Volunteering and quality education

Experience as a volunteer in education has been identified as an element that reinforces university student training and their future professional skills (Baker et al., 2008; Chamberlain, Slavin, & Madden 2001; Howlett & Cohan 2016). Most of the experiences reviewed in the literature are primarily concerned with two aspects of volunteering: community involvement and reading comprehension. There are some initiatives regarding community involvement that have achieved a large impact thanks to the volunteers, such as the Highlander Educational and Research Centre (Baker et al., 2008) and the La Verneda-Sant Martí School (Sánchez, 1999; Aubert, Villarejo, Cabré, & Santos, 2016).

The Highlander Educational and Research Centre is an experience of adult education that has strong connections with a diverse number of community stakeholders, including students and staff from the University of Tennessee. Studies on the impact of this engagement show that participants’ professional experiences are positively improved, particularly related to solving problematic situations that are connected to underprivileged social contexts (Baker et al., 2008). Similar conclusions were reached in the investigation conducted at La Verneda-Sant Martí School, a popular education experience located in Spain (Sánchez 1999; Aubert et al., 2016). La Verneda-Sant Martí School involves more than one thousand learners and one hundred volunteers every year, the latter being primarily responsible for implementing the different courses. The volunteers contribute to increasing the students’ educational attainment, predominantly among those with low literacy levels.

Regarding student teacher experiences with reading comprehension, the «Volunteering and Service Learning for Future Teachers» of the University Wisconsin-Madison and the «Successful for All (SFA)» projects have also obtained significant results ( University of Wisconsin-Madison 2015; Chamberlain, Slavin, & Madden, 2001). The Wisconsin-Madison-based programme incorporates different sub-programmes that support the learning of the most disadvantaged students. Within this programme, the Schools of Hope Project provides a mentoring service whose objective is to improve kindergarten children’s reading and math skills. In this project, different supporting programmes targeting children at risk of exclusion are implemented; one of which is focused on the implementation of after-school classes that are managed by volunteers. All of these experiences indicate the powerful effects of educational volunteering on different educational levels including adult and children education as well as in the creation of a positive state of mind (Harp, Scherer, & Allen, 2017).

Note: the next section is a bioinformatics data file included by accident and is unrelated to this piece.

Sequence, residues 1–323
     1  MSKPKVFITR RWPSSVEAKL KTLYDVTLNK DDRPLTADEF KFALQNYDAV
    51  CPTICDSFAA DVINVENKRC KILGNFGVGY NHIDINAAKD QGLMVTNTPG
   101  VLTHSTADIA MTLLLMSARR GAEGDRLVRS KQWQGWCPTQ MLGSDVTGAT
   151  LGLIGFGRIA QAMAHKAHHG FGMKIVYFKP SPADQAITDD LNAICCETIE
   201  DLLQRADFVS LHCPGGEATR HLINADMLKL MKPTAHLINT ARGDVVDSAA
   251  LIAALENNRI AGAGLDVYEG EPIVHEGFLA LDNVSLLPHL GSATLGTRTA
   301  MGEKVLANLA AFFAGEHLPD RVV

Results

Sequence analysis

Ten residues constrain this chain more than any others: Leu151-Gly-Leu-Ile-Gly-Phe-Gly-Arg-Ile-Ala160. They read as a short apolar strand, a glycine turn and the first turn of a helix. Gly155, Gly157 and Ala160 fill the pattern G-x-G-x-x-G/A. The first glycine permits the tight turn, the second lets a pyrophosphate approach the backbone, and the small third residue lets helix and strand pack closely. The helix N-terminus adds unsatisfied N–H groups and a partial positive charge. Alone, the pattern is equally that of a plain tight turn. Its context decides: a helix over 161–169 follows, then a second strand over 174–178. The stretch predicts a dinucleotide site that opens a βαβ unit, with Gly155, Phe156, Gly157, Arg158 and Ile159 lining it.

Educational volunteering by pre-service teachers

Analyses on volunteering programmes developed by student teachers have shown evidence in the improvement of children’s learning. These analyses demonstrate that undergraduates who volunteer in schools acquire relevant professional experience and that the students who receive these services progress academically. For instance, a study by Soong (2013) illustrates that teachers volunteering in multicultural schools enhance their comprehension of school community dynamics and, primarily, their cross-cultural skills. Similarly, Bochner’s (2003) analysis, which explored the psychological elements of cultural encounters, found that meeting with people from different cultural backgrounds could positively help future teachers to strengthen their knowledge of different cultural groups. In a related study, Qiao and A’rong (2008) explored the beneficial effects of volunteering based on a broad exploration of the Western China University Graduates Volunteer Teaching Programme (VTP). In their study, they discovered that being involved with volunteer teaching contributed to the enhancement of volunteers’ work experience, which helped them prepare for future jobs.

Research regarding the impact of these volunteer programmes on children’s progress underlines the benefits in performance and community participation. For instance, Ariza’s (2003) study provided evidence that the volunteering services provided increased children’s language and comprehension proficiency. Lazar (2007) conducted an exploration of the impact of student teachers’ voluntary support in K-2 and intermediate grade literacy courses in urban low SES schools at Pennsylvania. In addition to being an excellent way of changing student teachers’ expectations of children without an academic family background, the literacy courses directly influenced children’s literacy potential. Finally, it should also be noted that an analysis by Butcher et al. (2003) on the effects of community service on teacher education found that university students’ community engagement skills were drastically improved when serving as teachers of homeless persons.

The findings presented in this article are consistent with the contributions described above but also provide new elements that are primarily connected to volunteer achievements through interactions with non-academic individuals involved in the community. An interaction that shows both the improvement of children’s learning and the improvement of the learning and values of the volunteer university students, (Villardón-Gallego et al., 2018).